To describe Tolstoy as majestically fair probably sounds like faint praise in an age that admires passionate partiality. In fact, Tolstoy's impartiality is liberating. In the fictional passages of "War and Peace" (as opposed to the mini-lectures the count decides to deliver now and then), you rarely feel the author at your elbow, telling you what to think or whom to root for. Everything interests him and everyone has a point of view that merits consideration. In a way, Tolstoy is the embodiment of the kind of novelist that, in our time, Tom Wolfe has called for but can never hope to really be, the writer who uses a journalist's skills to show us the world.

I'm told that the classic Russian novel is not even really a novel at all, but a conglomeration of literary modes designed to fill enormous books to be read by people who had few other diversions. So there's a bit of philosophizing and ample servings of history running alongside the story of who-will-Natasha-marry. There are also scenes of city and army life with the quality of memoir, or dispatches from the front. These can be spectacularly immediate, abrupt plunges into the moment. You are there, at the burning of Smolensk:

"At one moment the flames died down and were lost in the black smoke, then suddenly flared up again, illuminating with fantastic clarity the faces of the people crowded at the crossroads. Black figures were flitting about before the fire, and talking and shouting could be heard above the incessant crackling of the blaze."

Or, in a more homely and nostalgic vein, with Natasha and her young relatives at Christmas, racing through the snowy wood in sledges to a neighbor's house for an impromptu performance in mummers costumes:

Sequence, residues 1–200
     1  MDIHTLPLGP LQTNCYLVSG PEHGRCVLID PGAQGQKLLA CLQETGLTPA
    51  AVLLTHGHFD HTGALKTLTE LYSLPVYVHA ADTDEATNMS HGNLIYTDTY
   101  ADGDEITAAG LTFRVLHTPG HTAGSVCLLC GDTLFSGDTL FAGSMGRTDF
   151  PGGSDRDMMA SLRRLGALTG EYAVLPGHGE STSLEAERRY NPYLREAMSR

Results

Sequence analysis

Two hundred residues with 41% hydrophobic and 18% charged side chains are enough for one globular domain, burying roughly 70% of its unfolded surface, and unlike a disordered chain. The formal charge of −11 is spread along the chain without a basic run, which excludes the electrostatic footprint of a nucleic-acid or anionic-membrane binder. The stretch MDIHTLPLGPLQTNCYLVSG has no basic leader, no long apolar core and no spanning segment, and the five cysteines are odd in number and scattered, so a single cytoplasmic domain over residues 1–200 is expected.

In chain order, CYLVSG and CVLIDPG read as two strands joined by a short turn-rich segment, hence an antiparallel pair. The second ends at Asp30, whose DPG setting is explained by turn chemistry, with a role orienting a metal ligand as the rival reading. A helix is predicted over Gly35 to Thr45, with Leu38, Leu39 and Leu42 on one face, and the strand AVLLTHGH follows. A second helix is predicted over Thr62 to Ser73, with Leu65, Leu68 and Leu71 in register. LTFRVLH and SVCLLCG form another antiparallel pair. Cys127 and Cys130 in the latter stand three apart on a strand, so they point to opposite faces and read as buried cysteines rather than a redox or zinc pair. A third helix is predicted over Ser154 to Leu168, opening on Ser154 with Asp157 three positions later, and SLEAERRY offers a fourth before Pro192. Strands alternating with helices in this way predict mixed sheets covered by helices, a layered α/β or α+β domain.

"The horses kicked up the fine, dry snow into the faces of those in the sledge; there was a jingling of bells beside them and they caught confused glimpses of swiftly moving legs and the shadow of the troika they were passing. From various directions came the whistling of runners over snow and the screams of girls."

"War and Peace" isn't about burning towns or sledge rides but while you're reading these and many other passages, they seem to be the reason why the book exists. While each scene Tolstoy describes is on the page, it is the center, the occasion for which he has collected us together to read this tale, until the next one comes along and it in turn wins the same loving and scrupulous attention. For this is just how the events Tolstoy describes completely fill the minds and hearts of the people who are experiencing them and seem to be what their lives are about at each particular, irreplaceable moment. I've always wondered why people say that "War and Peace" is more like life itself than a novel, and now I know.

By Laura Miller

Laura Miller is the author of "The Magician's Book: A Skeptic's Adventures in Narnia."